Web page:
Timasheff on Sorokin

 

 

Sorokin obit by N. S. Timasheff – Russian Review, July 1968

 

 

Posted here (above) as a downloadable PDF document is an obituary of Pitirim A. Sorokin by his friend and fellow sociologist N. S. Timasheff:

“Pitirim A. Sorokin (1889-1968),” The Russian Review, vol. 27, no. 3 (July 1968), pp. 379-381.

A Wikipedia entry about Timasheff follows; it is posted here for informational purposes.

 

 

— Roger W. Smith

   June 2017

 

 

*****************************************************

 

Nicholas Sergeyevitch Timasheff (Russian: Николай Сергеевич Тимашев; 1886-1970) was a Russian sociologist, professor of jurisprudence and writer.

Timasheff “came from an old family of Russian nobility”; his father was Minister of Trade and Industry under Nicholas II. In St. Petersburg, where he was born, he attended a classical high school; he went on to attend the Tsarskoye Selo Lyceum, the University of Strasbourg, and the Saint Petersburg State University (MA 1910, LLD 1914). At the latter university, he met the Polish-Russian jurist Leon Petrazycki, who was a significant influence on him throughout his life. Two years later he began teaching sociological jurisprudence at the University of Petrograd. He emigrated to the United States following an alleged involvement with the Tagantsev Conspiracy in 1920. He took up a similar position at Fordham University, and was one of the original developers of the discipline of sociology of law. [Note: the sociology of law and criminology was an early area of academic specialization for Sorokin.]

Timasheff was the author of various works, including The Great Retreat: The Growth and Decline of Communism in Russia (1946), in which he argued that the Bolsheviks made a conscious retreat from socialist values during the 1930’s, instead returning to traditional ones like patriotism and the family. Historian Terry Martin considers this a misnomer, because “in the political and economic spheres, the period after 1933 marked a consolidation, rather than a repudiation, of the most important goals of Stalin’s socialist offensive: forced industrialization, collectivization, nationalization, abolition of the market, political dictatorship.”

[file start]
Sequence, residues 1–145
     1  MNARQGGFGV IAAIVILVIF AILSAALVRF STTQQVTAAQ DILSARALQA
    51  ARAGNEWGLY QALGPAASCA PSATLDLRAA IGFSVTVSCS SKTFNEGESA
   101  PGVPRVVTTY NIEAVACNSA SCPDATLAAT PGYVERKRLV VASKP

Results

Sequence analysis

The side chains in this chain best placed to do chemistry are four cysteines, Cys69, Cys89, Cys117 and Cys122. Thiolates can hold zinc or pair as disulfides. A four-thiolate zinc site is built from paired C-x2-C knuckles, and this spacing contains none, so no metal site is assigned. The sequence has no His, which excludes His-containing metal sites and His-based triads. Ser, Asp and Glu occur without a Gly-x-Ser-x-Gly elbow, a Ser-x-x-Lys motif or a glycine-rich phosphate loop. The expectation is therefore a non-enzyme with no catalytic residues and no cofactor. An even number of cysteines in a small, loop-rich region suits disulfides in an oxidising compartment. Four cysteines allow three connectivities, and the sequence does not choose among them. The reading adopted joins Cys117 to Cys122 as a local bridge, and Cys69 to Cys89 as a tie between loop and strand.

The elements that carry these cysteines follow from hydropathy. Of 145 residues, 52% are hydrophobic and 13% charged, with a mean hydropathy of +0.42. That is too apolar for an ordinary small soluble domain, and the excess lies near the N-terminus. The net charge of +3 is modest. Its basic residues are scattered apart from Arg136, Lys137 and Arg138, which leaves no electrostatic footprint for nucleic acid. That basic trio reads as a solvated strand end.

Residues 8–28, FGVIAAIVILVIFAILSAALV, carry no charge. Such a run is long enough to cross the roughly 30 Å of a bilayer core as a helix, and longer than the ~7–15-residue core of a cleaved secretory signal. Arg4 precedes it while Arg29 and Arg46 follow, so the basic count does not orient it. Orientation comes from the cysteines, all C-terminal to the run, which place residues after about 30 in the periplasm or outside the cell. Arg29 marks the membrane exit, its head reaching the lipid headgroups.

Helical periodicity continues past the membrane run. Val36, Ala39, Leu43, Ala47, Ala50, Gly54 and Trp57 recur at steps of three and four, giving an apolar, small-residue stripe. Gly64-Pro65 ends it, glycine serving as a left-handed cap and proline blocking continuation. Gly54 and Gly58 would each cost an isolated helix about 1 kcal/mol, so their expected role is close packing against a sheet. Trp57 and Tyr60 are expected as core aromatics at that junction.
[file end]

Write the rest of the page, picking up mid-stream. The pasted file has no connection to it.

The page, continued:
https://en.wikipedia.org/wiki/Nicholas_Timasheff

 

About Roger W. Smith

Roger W. Smith is a writer and independent scholar based in New York City. His experience includes freelance writing and editing, business writing, book reviewing, and the teaching of writing and literature as an adjunct professor. Mr. Smith's interests include personal essays and opinion pieces; American and world literature; culture, especially books and reading; current issues that involve social, moral, and philosophical views; and experiences of daily living from a ground level perspective. He hosts separate websites devoted to the authors Theodore Dreiser and Pitirim A. Sorokin and to classical music as well as family history/genealogy.
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